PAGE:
[Wikipedia-l] Google-test bot

Daniel Mayer maveric149 at yahoo.com
Sun Aug 11 11:43:30 UTC 2002

I just ran into a fairly significant copyright infringer that did a wholesale 
copy of text on Joseph Wilson Swan and Internet Chess Club and a somewhat 
complex job involving several websites with the Light bulb article (see 
http://www.wikipedia.com/wiki/Talk:Light_bulb). The IP of the contributor who 
did this was blocked as a result (pending his/her asking the list for a block 

The internet chess article is now fine because several users have since 
edited the text extensively (removing "advertising" like qualities - they 
were not aware of the copyright violation). The light bulb article is similar 
but there still are some entire sentences that are word for word the same 
(not to mention the obvious parentage of many other sentences).

My question is this; would it be possible for a bot to be programmed to 
search Google for longish strings of text that are inserted into wikipedia 
and then log the results when strings are matched? This bot could crawl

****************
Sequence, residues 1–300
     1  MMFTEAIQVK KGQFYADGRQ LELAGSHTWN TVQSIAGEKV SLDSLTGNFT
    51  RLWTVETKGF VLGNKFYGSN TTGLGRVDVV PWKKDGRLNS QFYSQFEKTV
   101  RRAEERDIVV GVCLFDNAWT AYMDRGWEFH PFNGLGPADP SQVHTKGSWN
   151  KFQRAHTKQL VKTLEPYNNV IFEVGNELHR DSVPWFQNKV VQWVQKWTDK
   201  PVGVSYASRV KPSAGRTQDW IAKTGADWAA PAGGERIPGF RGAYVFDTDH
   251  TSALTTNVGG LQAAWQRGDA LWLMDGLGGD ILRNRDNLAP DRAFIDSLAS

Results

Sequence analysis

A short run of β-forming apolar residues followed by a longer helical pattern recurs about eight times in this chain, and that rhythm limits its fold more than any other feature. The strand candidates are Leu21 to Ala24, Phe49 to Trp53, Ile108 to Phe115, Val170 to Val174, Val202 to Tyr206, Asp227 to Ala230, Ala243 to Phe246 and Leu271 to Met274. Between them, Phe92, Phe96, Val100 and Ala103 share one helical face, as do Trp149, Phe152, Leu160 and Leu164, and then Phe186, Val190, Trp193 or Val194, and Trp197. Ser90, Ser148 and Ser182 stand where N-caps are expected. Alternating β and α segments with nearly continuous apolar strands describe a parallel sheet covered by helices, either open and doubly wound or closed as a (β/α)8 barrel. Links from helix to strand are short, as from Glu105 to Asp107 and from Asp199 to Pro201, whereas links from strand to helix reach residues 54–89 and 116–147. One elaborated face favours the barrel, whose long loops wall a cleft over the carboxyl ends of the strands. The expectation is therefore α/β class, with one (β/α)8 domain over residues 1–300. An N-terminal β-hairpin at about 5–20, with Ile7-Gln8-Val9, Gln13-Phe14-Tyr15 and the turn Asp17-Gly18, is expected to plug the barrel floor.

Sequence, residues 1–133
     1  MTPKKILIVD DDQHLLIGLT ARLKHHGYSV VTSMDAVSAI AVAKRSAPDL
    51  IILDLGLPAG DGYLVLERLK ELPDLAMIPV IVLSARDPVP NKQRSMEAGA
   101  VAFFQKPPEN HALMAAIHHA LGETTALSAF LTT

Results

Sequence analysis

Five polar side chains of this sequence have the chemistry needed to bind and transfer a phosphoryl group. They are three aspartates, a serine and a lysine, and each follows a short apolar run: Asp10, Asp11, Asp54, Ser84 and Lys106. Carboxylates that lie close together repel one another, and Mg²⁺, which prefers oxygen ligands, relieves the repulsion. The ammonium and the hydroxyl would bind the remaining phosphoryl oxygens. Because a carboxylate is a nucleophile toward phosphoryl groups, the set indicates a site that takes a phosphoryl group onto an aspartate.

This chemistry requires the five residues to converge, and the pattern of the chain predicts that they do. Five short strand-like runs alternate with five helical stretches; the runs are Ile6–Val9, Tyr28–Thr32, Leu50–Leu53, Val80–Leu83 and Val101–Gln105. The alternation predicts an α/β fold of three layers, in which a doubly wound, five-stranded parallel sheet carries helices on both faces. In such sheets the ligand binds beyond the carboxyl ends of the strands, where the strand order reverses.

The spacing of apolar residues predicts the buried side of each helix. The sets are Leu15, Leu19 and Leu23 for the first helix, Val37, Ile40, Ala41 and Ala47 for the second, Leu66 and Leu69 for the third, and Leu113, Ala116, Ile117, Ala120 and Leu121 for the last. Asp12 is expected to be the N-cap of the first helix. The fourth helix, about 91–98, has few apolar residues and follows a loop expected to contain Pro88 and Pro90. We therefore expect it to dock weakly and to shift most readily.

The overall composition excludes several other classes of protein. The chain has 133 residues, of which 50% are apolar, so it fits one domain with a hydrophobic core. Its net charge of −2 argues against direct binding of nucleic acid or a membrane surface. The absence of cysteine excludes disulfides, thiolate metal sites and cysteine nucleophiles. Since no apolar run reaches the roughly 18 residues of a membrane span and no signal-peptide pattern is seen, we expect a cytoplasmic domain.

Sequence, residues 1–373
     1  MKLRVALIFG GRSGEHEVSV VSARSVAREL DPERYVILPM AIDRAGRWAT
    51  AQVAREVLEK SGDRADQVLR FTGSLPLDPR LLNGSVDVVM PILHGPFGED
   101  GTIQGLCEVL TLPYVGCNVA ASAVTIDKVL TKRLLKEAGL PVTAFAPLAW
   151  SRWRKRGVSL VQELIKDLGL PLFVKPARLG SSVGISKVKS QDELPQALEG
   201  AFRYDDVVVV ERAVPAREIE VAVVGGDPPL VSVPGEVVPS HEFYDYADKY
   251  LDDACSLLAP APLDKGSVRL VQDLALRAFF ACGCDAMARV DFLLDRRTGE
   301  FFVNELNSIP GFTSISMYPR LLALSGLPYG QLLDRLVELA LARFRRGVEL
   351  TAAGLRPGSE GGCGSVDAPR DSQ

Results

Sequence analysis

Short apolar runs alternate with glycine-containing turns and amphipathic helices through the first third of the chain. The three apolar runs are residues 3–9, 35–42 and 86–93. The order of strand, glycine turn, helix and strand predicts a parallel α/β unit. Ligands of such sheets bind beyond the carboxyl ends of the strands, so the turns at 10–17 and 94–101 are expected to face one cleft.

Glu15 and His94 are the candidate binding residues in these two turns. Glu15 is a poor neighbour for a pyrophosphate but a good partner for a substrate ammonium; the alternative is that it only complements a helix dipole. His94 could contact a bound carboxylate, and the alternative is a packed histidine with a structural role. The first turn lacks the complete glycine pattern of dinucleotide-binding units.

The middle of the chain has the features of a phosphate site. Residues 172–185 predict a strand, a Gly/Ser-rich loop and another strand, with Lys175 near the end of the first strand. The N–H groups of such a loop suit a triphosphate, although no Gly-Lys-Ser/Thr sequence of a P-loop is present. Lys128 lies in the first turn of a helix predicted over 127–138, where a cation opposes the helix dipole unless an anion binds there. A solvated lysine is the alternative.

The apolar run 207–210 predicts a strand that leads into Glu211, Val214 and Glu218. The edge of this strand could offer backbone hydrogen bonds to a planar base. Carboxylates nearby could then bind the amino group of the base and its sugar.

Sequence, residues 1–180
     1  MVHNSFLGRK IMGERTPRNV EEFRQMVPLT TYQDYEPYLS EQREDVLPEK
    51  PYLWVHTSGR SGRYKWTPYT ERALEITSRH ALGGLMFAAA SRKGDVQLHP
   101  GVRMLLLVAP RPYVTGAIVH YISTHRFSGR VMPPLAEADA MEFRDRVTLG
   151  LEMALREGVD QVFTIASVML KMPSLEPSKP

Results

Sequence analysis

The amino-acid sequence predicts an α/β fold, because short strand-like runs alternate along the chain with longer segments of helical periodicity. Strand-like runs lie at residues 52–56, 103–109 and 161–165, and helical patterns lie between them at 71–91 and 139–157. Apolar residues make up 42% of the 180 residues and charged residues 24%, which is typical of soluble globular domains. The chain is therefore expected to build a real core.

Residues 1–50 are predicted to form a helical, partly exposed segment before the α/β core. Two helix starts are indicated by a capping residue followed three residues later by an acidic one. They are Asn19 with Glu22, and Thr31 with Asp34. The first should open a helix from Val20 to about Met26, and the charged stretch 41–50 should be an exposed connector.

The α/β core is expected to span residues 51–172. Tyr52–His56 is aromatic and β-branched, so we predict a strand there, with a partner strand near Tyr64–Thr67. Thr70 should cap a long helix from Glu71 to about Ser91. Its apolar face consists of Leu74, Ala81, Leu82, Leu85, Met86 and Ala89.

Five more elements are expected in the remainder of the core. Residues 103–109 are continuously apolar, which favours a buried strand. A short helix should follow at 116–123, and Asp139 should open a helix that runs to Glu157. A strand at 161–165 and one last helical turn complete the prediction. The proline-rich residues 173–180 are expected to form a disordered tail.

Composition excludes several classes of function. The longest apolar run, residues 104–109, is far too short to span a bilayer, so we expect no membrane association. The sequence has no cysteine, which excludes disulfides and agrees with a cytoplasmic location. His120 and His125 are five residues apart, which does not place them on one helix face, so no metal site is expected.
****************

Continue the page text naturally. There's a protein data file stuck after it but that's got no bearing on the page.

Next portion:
through new diffs in Recent Changes and log possible violations that would 
then have to be reviewed by a human to see if there is in fact any violation. 

This of course will pick up a lot of public domain text but if we also 
encouraged users to 'cite their sources' these legit uses of text can be 
quickly skipped over in the log. Common phrases would also be logged if the 
bot wasn't programmed to minimize this by maybe centering a string search on 
a period (thus spanning parts of two sentences). 

The above copyright violations happened several days ago and were obviously 
missed by the militia. Subsequently several users edited and expanded the 
offending text which causes major version control headaches when there still 
are obvious violations mixed with legit contribs.

Having a bot do much of the work would free up human resources (this also 
would reduce duplication of effort -- sometimes several people will perform a 
Google test on a suspicious entry while at other times nobody does a test).

Yes I know this is an example of a bot that could be a good community member. 
I take back my previous comment (it all depends on what the bot does). 

-- Daniel Mayer (aka mav) 

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